We then took the local bus to go home and decided to stay on to see all of the town. This bus went to the old church I have only seen from a distance. We didn't get off because we both had heavy bags of groceries.

When we were getting up to get off at piazza grande (a very good place to exit the bus because both of our houses were downhill from there). We saw that there was a wedding going on. Here is the bride:

There was also a circle of men singing beautiful harmony near the bride. I don't know if that is tradition, but it was amazing. The acoustics there were perfect. Here are the men-

There was also a table set up near my well:). It was decorated for the wedding but I couldn't tell if they were serving food, wine or both. Sorry the picture is so far away.

I was told that the wedding usually takes place in a church but they also have to go to city hall, which is at piazza grande. It's like the reception was being held right in front of us. These experiences really make this city special.

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Friday, September 16, 2011

New Moon Pic

This picture is for my friend Joan. They do sell New Moon Tee Shirts here but they are pretty expensive. This will have to do. Someone took pictures of the actors when they were in Montepulciano and made this collage.

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Italian Homework and Class Work

I'm probably the only one in class who actually does their homework for hours every night. Most others seem to open their book at the beginning of class and just say the answers. I admit it, I am the slow one. I will be repeating this course starting again next week.

Just a little view into the work I have been doing - and this stuff is in piles.

In our last few days of class, we are having "fun" doing competitions. We are put into teams and have to do things like name all of the animals we know. Now, I have hundreds of pieces of paper and not one is related to animals. I know "cane" because I have one - not a cane, a dog with an accent. I want to know where everyone else learned the names like cow, bird or horse? Needless to say that whoever is stuck with me on their team pretty much ignores me. Yep, those are sure "fun" competitions.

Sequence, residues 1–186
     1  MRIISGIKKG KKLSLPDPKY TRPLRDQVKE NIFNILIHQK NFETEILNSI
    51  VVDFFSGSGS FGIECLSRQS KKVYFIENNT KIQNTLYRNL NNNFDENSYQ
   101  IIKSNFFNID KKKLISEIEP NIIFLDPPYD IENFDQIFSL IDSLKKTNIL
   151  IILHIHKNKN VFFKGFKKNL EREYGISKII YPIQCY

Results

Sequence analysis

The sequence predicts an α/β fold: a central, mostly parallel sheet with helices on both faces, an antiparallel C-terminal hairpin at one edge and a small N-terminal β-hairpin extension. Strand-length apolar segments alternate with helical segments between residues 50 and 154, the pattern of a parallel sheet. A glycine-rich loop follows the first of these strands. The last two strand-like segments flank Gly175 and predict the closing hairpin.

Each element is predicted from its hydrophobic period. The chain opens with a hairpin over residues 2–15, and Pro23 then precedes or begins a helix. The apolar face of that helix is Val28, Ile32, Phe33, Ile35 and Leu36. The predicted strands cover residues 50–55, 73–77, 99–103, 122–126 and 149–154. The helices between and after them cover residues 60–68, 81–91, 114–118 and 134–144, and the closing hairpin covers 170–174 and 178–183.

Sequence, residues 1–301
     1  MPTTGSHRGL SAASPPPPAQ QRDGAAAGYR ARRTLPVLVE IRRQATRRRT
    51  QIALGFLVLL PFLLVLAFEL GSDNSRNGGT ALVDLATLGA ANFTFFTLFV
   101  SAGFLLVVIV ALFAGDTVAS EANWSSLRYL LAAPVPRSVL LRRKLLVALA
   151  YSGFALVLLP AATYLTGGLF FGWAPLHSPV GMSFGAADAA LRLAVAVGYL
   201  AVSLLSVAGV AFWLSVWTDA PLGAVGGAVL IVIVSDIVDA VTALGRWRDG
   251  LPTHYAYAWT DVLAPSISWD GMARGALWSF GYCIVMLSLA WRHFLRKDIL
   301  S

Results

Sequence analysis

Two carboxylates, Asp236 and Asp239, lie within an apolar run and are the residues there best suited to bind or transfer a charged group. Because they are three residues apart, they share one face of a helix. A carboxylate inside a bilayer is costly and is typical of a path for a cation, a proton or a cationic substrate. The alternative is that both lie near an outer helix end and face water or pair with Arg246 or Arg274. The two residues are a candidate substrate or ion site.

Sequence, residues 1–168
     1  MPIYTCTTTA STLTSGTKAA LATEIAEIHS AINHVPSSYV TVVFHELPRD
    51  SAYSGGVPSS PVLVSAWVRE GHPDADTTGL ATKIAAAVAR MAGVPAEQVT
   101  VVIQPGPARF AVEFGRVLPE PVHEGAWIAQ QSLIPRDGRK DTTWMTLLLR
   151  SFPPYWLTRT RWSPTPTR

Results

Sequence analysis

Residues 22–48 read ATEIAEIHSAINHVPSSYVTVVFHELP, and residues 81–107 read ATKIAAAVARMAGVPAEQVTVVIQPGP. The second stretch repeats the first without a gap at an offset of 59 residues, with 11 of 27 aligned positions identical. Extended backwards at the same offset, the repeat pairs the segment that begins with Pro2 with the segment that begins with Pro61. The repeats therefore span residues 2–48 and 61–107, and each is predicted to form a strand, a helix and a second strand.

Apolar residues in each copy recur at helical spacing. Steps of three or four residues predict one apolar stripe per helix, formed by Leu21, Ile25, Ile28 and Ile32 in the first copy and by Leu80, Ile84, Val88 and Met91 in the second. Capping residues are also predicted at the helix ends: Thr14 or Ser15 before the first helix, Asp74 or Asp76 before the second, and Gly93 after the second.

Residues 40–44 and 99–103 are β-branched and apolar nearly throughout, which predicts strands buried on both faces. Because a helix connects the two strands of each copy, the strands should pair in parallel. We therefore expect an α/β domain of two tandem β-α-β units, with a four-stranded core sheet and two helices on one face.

Next week some of the students will graduate to the next level. I will be looking up animal names.

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Thursday, September 15, 2011

Going to the Post Office in Montepulciano

I finally went to mail a few postcards yesterday and it was another interesting experience. First you go a machine where you take a ticket related to what you want to do, ie get stamps, mail a package (OK, I'm making up what each ticket means since I still can't read much Italian). But Paulina told me which ticket to take. It said:
"Posteitaliane standard Montepulciano Postamat E009". E009 had to do with the reason I was there and you had to watch a screen to tell you which window to go to.

Well, that didn't work because my number never came up but a person nudged me toward a window (I felt a little Italian disgust in the nudge) so I went to the window. I shoved the postcards into the slot and the woman behind the glass window counted out stamps, shoved the postcards back at me with the pile of stamps. It cost 1.6 euro to mail a postcard which is about $2.00. I wish I had something important to say on those expensive postcards!

I then took my stamps to an empty ledge in the post office and put them on each card. I could not figure out what to do with the cards when they were ready to mail so I went outside and found a slot that looked like a letter slot. Hopefully, it was. They have taught us nothing about how to use the post office in language class - not that I would have understand them.